Damasio found that while ’emotions and feelings can cause havoc in the processes of reasoning…the absence of emotion and feeling is no less damaging’; was led to ‘the counter-intuitive position that feelings are typically indispensable for rational decisions’.
The passions, he concluded, ‘have a say on how the rest of the brain and cognition go about their business.
There are different reasons individuals are motivated for an occupation. One of these includes the passion for the occupation. When a person is passionate about his work he tends to be less obsessive about his behaviors, and the result is greater work and extra-work satisfaction. Also, the same person has higher levels of well-being. When a person genuinely enjoys his profession and is motivated by passion, he tends to be more satisfied with his work and more psychologically healthy.
When one is unsatisfied with his profession he can also be dissatisfied with family relationships and suffer psychological distress. Some individuals believe one should not work extreme hours, many prefer it because of how passionate they are about the occupation. This puts a strain on family relationships and friendships. The balance of the two is something that is hard to achieve and it is always hard to satisfy both parties.
The recent concerns of emotional intelligence have been to find a synthesis of the two forces—something that turns the old understanding of the tension between reason and feeling on its head: it is not that we want to do away with emotion and put reason in its place but instead find the intelligent balance of the two.
While opposed, one can’t exist without the other. The trick may be to get them both in harmony, not to reason the life out of one’s passion nor to abandon reason to fulfill one’s desires.
A working mother might be faced with a choice of spending a sunny afternoon with her child or completing a project for work. Reason might tell her to complete the project, her passion is to spend the afternoon with the child. She might consider the time she has left to finish the project and seeing that she can schedule in the amount of time available before the work is due then decide that she can indeed enjoy the afternoon with her child.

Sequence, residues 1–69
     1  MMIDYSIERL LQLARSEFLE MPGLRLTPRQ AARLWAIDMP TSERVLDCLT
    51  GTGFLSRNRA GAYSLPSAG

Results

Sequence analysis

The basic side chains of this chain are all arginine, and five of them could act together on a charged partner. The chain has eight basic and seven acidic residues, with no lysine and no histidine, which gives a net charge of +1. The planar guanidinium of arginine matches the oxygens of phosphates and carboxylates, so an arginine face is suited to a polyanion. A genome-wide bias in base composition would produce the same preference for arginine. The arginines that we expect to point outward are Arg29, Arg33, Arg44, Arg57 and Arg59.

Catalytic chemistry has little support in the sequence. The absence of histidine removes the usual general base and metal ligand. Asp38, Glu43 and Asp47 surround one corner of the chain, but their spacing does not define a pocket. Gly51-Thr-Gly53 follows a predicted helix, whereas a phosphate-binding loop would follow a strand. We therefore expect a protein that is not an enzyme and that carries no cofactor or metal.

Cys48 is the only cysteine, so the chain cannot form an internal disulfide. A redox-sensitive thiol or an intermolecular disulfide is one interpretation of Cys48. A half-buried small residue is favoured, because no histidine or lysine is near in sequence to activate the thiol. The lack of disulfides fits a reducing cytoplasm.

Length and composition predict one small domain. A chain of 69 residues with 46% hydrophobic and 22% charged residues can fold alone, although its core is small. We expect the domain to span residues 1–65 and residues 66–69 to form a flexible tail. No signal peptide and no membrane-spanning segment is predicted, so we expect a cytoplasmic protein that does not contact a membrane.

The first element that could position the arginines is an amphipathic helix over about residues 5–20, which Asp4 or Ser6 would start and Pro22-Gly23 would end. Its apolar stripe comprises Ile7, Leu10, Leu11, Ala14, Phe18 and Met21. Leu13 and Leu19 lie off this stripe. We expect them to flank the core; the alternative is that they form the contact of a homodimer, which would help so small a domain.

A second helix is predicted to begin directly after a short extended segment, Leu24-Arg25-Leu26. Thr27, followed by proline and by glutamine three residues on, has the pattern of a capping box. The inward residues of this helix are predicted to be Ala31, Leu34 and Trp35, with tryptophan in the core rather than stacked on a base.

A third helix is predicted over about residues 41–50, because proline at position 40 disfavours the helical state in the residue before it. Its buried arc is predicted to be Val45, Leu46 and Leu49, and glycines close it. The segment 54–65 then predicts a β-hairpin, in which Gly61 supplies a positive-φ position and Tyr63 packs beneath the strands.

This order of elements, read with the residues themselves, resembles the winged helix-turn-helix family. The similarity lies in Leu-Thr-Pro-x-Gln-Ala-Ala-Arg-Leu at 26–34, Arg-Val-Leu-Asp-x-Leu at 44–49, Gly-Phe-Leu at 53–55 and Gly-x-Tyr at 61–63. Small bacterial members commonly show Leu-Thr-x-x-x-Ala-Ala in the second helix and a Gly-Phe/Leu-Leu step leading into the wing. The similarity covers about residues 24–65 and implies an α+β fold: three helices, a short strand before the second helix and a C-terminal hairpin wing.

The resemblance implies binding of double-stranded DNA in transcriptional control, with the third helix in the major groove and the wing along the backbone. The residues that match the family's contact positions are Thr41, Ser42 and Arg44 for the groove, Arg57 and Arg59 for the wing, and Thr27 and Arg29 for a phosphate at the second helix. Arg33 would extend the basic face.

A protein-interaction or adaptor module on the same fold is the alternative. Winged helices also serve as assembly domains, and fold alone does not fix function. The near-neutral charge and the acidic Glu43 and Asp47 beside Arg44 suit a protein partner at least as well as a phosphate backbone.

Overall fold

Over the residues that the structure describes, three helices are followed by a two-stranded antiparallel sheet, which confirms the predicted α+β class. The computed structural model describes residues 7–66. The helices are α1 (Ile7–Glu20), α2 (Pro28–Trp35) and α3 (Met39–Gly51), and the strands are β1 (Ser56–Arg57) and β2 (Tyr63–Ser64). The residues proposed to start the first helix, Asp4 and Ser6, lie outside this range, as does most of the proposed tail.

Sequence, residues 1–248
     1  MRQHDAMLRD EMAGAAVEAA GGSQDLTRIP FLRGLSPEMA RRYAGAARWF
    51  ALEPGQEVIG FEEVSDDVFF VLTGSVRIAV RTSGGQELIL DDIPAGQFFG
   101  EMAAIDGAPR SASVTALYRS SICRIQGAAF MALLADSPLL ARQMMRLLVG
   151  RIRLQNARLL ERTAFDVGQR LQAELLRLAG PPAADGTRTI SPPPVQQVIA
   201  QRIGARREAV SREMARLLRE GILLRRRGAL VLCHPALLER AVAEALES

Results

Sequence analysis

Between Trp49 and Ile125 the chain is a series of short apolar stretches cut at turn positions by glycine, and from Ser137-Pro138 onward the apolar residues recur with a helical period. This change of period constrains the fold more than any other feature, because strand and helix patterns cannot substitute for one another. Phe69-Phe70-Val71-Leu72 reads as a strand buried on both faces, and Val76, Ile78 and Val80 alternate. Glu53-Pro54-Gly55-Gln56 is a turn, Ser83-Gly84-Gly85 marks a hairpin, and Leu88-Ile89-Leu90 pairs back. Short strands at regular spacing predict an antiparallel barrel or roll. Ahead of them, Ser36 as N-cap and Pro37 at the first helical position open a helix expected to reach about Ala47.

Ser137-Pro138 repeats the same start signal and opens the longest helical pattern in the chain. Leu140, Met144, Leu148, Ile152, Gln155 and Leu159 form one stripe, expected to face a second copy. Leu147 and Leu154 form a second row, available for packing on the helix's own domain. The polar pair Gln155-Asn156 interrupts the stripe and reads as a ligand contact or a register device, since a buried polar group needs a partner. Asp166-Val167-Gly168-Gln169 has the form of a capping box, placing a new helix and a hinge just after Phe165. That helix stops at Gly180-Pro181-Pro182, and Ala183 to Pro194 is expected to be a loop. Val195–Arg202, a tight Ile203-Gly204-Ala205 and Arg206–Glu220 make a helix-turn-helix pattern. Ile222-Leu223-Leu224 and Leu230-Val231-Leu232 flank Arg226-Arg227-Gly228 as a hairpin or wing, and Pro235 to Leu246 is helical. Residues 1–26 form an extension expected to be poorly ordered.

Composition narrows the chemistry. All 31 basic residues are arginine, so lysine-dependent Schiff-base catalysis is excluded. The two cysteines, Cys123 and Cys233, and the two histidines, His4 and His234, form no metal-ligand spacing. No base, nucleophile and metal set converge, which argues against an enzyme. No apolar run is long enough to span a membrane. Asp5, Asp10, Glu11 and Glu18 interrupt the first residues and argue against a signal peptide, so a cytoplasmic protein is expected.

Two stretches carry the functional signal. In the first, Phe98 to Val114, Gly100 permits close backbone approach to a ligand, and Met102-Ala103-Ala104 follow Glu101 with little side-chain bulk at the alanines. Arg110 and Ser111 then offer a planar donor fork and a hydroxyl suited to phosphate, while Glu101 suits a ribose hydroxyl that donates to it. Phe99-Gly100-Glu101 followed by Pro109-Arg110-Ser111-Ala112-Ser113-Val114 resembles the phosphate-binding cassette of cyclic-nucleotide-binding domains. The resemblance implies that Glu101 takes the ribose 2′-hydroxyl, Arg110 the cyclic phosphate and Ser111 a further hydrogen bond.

At another level, the mother might consider that she wants to spend more time with her children before they are old enough to start school. The reasoning might extend to the possibilities of stopping, reducing or changing work so that this could be achieved with the implications on the family budget.
Questions for Self Reflection
The following questions might be useful to support self-reflection:
- If you look at decisions that you are making, how would you rate the balance between reason and passion in %?
- What does this balance tell you?
- How would you like the balance to be?
- What actions can you think of to get the balance right for you?
- What will you do to make the balance right for you?
- Who will be able to provide support when you need it?#
- Is that in your mind or heart?
- What are you passionate about?
- What is your biggest dream?
- Is it achievable?
- Are you able and willing to consider a shift in your perspective?
- Could it be that underlying beliefs are holding you back from achieving balance?
- How would it be if you considered this from the other point of view?
- Have you had a similar situation before, which approach did you take and what was the outcome?
- What would be the consequences of your action?
- What can you do to enable yourself to achieve balance?
It is essential for the coach to also question his own balance between reason and passion. The coach may be passionate about coaching but must apply reason in his work. In a situation, for instance, where passion has gone beyond reason, the coach could in an effort to help the client, try to take on the client’s problems. This would then be counter-productive and the coach would ultimately be less able to help the client.
The coach might also ask himself the same questions that he would ask the client.
- What technique(s) or skills would you use to support a client in increasing his self-awareness around his balance reason-passion?
- How would you support a client who wants to include more passion into his decision making / choices?How would you support a client who feels to impulsive in his choices?
- Can you demonstrate empathy and still remain objective?
- How you can keep a balance between your reason and passion?
- How can you maintain awareness?
We need to attach a reason to our emotional states. At the high end of the emotional spectrum, we believe that true joy is an effect rather than a cause. Because of this deep-seated belief, we spend most of our lives chasing whatever we think causes the effect of joy — it may be a perfect relationship, lots of money, fame, the perfect place to live, even our God. – Richard Rudd
If you would like to become a coach, start by joining a free coach training course or speak to an enrolment consultant.